WIESBADEN, Germany – Wiesbaden Veterinary Treatment Facility worked together with the 1-214th General Support Aviation Battalion and the 525th Military Working Dog Detachment to acclimate three military working dogs to helicopter flight during a training exercise Sep. 29, at Clay Kaserne.

Military working dogs play a vital role supporting the U.S. Army in patrolling, arms and explosives searching, drug detection, and police work on installations and in deployed locations where common modes of transportation are not always a given. In the event a MWD and its handler are in medical distress and require medical evacuation, or need to get to a location quickly, sometimes a helicopter is the best option.

“Flying in a helicopter can be a stressful situation for the dogs,“ said Capt. Sarah Laws, officer in charge of the Wiesbaden Veterinary Treatment Facility. “Therefore, it’s important to familiarize the dogs with the helicopter if they haven’t had a chance to fly yet before the real-life event.”

The training gave the handlers and their dogs a chance for hands-on training designed to prepare them both, should the need for medical evacuation arise.

“We started by getting the MWD’s used to being inside of the helicopter with nothing on,” said Staff Sgt. Cory Wolfle, plans and operations noncommissioned officer in charge with the 525th Military Police Detachment. “Then we progressed to being in the helicopter with it running and then progressed into loading and a familiarization flight so the dogs could get accustomed to all the sensory dynamics that a running helicopter brings.”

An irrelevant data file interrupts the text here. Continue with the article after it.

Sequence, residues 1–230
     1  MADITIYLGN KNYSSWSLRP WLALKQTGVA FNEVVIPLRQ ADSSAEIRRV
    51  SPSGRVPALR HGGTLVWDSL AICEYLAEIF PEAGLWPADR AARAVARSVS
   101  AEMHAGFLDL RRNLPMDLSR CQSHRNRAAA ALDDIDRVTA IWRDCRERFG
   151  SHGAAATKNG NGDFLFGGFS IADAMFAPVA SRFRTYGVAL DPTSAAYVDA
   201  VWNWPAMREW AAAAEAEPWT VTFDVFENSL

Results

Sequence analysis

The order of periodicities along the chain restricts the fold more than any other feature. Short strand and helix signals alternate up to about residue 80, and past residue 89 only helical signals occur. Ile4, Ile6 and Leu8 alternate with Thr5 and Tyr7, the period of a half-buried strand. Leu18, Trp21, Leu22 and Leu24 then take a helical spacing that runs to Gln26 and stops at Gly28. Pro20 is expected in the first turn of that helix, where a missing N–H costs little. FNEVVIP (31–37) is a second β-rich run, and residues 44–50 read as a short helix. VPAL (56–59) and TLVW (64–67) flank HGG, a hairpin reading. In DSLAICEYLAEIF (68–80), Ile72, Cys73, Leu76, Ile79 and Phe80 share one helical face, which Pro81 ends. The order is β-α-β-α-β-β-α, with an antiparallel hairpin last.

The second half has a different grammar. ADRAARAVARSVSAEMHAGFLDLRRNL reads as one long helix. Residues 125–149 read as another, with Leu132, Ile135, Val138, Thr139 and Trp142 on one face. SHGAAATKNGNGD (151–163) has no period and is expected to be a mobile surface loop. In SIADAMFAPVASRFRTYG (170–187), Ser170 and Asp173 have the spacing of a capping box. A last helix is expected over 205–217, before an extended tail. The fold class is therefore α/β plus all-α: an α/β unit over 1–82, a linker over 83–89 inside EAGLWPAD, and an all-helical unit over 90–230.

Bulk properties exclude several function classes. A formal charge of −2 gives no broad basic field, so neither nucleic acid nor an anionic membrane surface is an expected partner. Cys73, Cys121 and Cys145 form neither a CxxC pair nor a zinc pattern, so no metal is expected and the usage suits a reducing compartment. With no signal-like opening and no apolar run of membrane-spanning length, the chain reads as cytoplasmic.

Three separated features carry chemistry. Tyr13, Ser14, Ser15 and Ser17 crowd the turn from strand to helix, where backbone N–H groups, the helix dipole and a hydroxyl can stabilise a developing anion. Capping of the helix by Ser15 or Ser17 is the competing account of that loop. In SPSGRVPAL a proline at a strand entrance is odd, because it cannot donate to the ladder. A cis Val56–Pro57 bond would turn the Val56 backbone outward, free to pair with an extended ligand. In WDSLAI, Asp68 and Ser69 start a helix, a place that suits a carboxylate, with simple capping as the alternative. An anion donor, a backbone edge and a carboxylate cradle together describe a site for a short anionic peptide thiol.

As part of the training orientation process, the dogs were led by their handlers to the flight line and practiced boarding and dismounting the helicopter while the rotors were spinning.

“This training is very valuable,” said Military Working Dog Handler Pfc. David Beadle. “My dog has flown plenty of times and was super chill but I haven’t so this was a great opportunity to gain more experience and to become better prepared.”

Now that the dust has settled and the after-action reports were completed, both the Public Health Activity- Rheinland Pfalz staff and the MWD teams felt the training was valuable.

“We are hoping to set up more training events like this in the future,” said Laws. “Ideally this turns into a quarterly event in which we teach helicopter familiarization and tactical combat casualty care together.”


This piece is written by Michelle Thum from the Public Health Command Europe. Want to feature your story? Reach out to us at [email protected].